Barack Obama also condemned Russia’s actions, saying that there is “no possible justification” for the invasion of Georgia. Unlike his opponent, Obama also criticized Georgian authorities. . . .
One fact easily overlooked amidst alarmist American media reports is that neither US security nor vital US national interests have been compromised by Russian military activities in Georgia. US humanitarian aid relief operations into a war zone within the territory of the former USSR, to help an adversary of Russia, carry some of the highest potential risks. What if Russia misinterprets US intentions? Or Georgia contrives to bring America personnel into the line of fire? (Saakashvili appears to have had delusions of exploiting US friendship in the hopes of advancing a nationalist agenda). The Americans may in fact hope that the humanitarian deliveries could complicate a possible Russian advance. Maybe. But is the risk worth it?

Concerning the present conflict, Americans would be well advised to 1) Tone down the rhetoric. The Russians would surely like to divide America and Western Europe. The rhetoric in not going to change Russia and alienates Europe. 2) Leave the humanitarian assistance to others.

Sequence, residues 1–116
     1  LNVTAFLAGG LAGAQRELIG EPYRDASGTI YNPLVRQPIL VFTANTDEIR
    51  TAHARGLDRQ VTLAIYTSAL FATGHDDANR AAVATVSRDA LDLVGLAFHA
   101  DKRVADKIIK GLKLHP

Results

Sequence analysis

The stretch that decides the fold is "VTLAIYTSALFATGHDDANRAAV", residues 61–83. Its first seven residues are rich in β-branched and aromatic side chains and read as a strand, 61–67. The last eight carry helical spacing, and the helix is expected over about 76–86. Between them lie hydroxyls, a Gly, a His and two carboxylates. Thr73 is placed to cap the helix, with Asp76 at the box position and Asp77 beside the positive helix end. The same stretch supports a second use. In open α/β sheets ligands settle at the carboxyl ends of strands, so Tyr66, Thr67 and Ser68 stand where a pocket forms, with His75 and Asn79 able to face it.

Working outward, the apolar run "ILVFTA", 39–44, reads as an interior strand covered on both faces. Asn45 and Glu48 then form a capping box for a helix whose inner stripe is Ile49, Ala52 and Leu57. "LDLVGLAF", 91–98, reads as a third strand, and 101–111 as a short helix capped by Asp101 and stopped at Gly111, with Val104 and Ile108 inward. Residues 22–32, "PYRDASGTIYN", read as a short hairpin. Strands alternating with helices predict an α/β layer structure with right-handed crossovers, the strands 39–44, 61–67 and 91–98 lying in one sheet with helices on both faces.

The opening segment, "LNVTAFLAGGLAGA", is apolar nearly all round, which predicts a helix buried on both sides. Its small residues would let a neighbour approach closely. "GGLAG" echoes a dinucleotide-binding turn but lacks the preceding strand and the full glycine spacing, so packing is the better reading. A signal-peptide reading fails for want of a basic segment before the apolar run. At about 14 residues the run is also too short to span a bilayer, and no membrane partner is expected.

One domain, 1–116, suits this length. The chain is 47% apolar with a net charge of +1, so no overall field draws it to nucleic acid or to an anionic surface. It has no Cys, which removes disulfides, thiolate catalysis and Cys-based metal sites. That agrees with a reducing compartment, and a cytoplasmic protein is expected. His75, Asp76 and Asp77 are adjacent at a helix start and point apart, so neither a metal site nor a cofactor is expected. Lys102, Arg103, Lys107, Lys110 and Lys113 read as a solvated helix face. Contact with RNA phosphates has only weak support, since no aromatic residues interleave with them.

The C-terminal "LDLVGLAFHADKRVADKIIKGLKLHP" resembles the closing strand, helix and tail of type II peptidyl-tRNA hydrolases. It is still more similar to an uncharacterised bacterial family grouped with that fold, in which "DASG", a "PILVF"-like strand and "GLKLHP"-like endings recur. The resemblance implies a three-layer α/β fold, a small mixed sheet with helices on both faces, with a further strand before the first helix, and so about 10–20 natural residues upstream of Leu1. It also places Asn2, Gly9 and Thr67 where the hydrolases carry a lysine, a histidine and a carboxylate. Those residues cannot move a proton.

Update: When asked about possible risks associated with humanitarian aid deliveries, US officials "had no response." (CNN) Sound familiar? Iraq and Katrina showed that planning for contingencies have never been a strong point of this US administration.


  1. Technically, the Georgian government is democratically elected and welcomes US aid while the Burmese "government" is a ruling junta that is hostile to any intervention, particularly the US.
    Regardless, I agree that having the US military conducting exercises, humanitarian or not, so close to an active Russian army, is frought with risk. The US government is not really under any public pressure to do this. Ask the guy on the street about the geographical location of Georgia and its importance to the US and he will likely shrug his shoulders. Yet there seems to be this imperative for us to be there. If a C-17 gets shot down or humanitarian personnel are killed, then you have a situation where the US has to respond and all of a sudden, you got two nuclear superpowers squaring off. The public will be left wondering how this occurred so quickly.